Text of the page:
Californians should rush to places Donald Trump and the Chinese government want to boycott.
The Ronald Reagan Presidential Library and Museum, targeted by autocrats from Mar-a-Lago to the Middle Kingdom in April, is open now.
On his Truth Social account, President Trump said he might avoid presidential debates at the Reagan library because Washington Post publisher Frederick Ryan Jr., a Reagan ally, chairs the facility’s board.
After U.S. House Speaker Kevin McCarthy, a Bakersfield Republican, met with Taiwan President Tsai Ing-wen, whom China does not recognize, the library was sanctioned by China. China will not collaborate or acknowledge the library due to sanctions.
Blasts at the library generated news, but even if Trump, Xi Jinping, and their followers stay away, the library would be unharmed. It’s rightfully the National Archives’ most popular presidential library.
Ironically, the assaults highlight a tremendous success. In an era when politics defines and consumes almost everything, the Reagan library has managed a nearly impossible feat: maintaining its devotion to a major conservative political figure while also becoming a highly accessible and attractive center that serves people of all political stripes.
My love for the land is proof. I hated Reagan’s politics as a kid in Southern California and wouldn’t vote for him today. If I could, I’d remove the US presidency’s quasi-dictatorial power.
Because of Reagan’s library’s value to California, I can’t get enough.
Its beauty is the main draw. It resembles Reagan’s “shining city on the hill” on a Ventura County mountainside. Simi Valley’s views—mountains to the east, the San Fernando Valley and Los Angeles to the south, the Central Coast to the north, and the ocean to the west—are worth the trip. Sunsets may not be nicer elsewhere.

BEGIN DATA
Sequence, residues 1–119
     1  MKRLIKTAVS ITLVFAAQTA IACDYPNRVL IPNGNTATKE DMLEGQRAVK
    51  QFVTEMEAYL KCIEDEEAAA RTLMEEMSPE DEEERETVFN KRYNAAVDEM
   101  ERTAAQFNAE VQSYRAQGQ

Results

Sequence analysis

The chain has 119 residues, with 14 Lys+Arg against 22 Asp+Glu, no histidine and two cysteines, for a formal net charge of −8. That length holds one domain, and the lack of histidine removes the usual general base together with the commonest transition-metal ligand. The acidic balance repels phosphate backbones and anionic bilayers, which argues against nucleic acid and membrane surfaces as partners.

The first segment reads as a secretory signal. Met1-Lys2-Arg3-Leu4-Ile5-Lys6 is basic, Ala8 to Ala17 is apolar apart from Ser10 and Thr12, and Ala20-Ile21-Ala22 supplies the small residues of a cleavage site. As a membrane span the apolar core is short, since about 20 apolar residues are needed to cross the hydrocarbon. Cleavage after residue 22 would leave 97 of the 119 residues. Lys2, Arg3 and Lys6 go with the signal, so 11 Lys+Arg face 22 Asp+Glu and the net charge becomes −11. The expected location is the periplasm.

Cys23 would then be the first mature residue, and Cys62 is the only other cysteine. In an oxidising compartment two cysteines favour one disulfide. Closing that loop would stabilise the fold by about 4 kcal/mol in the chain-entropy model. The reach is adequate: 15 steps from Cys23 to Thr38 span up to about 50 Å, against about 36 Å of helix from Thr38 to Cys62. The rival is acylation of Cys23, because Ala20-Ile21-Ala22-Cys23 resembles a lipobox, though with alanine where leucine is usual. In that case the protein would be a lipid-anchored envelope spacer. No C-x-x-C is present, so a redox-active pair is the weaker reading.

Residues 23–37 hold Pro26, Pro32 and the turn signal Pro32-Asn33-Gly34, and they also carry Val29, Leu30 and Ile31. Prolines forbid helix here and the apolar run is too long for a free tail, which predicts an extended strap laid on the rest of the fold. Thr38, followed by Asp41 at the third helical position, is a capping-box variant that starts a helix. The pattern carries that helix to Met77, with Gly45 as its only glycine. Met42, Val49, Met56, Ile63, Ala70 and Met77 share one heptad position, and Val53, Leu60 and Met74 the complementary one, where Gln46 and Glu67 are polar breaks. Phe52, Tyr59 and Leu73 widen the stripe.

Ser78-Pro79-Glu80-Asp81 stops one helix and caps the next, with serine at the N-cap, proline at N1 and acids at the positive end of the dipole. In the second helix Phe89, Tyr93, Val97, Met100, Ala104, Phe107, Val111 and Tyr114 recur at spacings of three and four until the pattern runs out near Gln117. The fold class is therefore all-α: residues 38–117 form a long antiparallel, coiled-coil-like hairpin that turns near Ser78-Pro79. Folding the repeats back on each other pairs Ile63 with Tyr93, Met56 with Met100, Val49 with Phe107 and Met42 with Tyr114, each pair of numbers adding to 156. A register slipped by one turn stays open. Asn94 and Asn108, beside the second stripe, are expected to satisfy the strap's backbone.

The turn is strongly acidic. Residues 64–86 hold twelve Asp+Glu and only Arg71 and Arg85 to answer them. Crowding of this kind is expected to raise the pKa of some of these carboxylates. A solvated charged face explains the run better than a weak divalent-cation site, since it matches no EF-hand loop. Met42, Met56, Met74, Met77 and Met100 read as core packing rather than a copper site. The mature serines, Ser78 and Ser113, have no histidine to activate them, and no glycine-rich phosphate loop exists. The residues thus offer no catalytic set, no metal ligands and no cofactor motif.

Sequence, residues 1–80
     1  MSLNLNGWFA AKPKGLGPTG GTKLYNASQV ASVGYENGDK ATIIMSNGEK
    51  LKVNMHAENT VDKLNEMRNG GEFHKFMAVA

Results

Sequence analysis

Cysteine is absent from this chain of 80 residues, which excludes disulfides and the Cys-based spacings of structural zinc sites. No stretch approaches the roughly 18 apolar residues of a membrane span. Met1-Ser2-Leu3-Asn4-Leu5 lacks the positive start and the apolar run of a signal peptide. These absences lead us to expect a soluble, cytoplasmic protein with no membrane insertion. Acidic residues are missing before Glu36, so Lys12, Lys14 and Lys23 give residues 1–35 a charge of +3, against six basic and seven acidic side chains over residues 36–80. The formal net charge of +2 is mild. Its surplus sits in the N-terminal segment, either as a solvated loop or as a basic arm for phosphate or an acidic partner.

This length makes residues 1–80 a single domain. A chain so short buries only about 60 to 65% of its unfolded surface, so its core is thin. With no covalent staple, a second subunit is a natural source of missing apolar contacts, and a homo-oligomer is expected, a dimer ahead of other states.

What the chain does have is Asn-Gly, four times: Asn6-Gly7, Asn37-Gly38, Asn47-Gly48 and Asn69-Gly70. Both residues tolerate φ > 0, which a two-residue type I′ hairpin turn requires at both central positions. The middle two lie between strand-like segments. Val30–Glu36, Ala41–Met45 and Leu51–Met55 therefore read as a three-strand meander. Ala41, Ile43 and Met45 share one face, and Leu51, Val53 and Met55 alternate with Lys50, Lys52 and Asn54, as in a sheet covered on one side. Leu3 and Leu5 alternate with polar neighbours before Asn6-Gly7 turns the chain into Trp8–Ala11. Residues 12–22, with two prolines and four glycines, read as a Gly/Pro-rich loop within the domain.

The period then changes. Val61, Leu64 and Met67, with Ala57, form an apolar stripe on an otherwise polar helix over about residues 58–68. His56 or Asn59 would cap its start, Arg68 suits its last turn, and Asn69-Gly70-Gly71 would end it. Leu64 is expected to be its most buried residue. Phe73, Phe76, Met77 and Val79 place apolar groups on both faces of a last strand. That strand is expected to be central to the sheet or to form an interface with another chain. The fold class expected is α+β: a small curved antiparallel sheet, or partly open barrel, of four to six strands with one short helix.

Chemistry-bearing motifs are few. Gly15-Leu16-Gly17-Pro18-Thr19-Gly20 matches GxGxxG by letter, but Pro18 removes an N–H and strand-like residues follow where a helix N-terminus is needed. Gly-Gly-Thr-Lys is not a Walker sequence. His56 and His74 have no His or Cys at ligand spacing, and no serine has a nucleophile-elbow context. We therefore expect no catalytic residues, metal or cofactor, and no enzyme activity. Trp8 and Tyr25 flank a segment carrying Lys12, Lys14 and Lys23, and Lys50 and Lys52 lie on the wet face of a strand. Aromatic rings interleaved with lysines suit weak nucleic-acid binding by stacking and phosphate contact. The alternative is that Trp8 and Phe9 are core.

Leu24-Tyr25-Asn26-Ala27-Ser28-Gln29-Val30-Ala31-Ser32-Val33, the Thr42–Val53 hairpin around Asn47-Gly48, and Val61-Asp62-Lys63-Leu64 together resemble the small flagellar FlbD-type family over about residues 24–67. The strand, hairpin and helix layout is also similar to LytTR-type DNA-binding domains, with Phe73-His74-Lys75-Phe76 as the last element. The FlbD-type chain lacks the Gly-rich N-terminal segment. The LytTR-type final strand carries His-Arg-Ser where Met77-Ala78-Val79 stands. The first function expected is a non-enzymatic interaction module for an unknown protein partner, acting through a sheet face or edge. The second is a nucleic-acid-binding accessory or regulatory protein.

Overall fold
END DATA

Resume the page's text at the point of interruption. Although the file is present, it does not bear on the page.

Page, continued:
This presidential library offers permanent exhibitions, relics, and videos from its favorite president, including Air Force One. The library has held four presidential debates, speeches, and book presentations for Republican candidates.
Virginia Gov. Glenn Youngkin spoke, and Miami Mayor Francis Suarez and West Virginia Sen. Shelley Moore Capito, a key dealmaker on bipartisan congressional legislation, will speak at the library in heavily Democratic California.
It has major draws. The Reagan National Defense Forum, which draws speakers from across the political spectrum and businesses, is held at the library. Every year, the defense secretary gives the keynote.
The Reagan library sponsors important non-political special exhibits each year. Powerful display. Auschwitz: Recently. “Not far away” gives a vivid feeling of concentration camp life and has been drawing enormous crowds. The library has provided substantial and unique programming for the exhibit, typically linking Holocaust survivors with young adults and schoolchildren.
The Reagan library wisely attracts non-Republicans and non-politicians.
The FBI, Egypt’s Lost Cities, the Vatican, Titanic, Abraham Lincoln, Pompeii, and baseball have been the subjects of lighter, artifact-filled displays.
I’ve attended major Ventura County meetings at the Reagan library, where organizations and firms like Amgen and local chambers of commerce rent space. High school proms are popular at the library due of its beautiful surroundings.
The Reagan library is a site you can take your kids and mom, even while ideologues call for boycotts. The Christmas tree display is joyful. Sunset dances with Beatles and Fleetwood Mac tribute bands, Eagle Scout recognition dinners, Mother’s Day breakfasts, and Central Coast wine tastings have occurred.
As a political writer and history scholar, I’ve visited 14 of the 15 presidential libraries (maybe I’ll visit the Eisenhower library in Abilene, Kansas). The Reagan library offers the most.
I attend to perform archive research (the staff is fast and the rooms are nice) or meet someone in Ventura County (everyone knows where it is). I traverse the 300-acre grounds and see the Reagan monument. “I know in my heart that man is good, that what is right will always eventually triumph and there is purpose and worth to each and every life,” Reagan wrote.
We’re too jaded about this cruel world to accept that. The spirit and inviting library are admirable.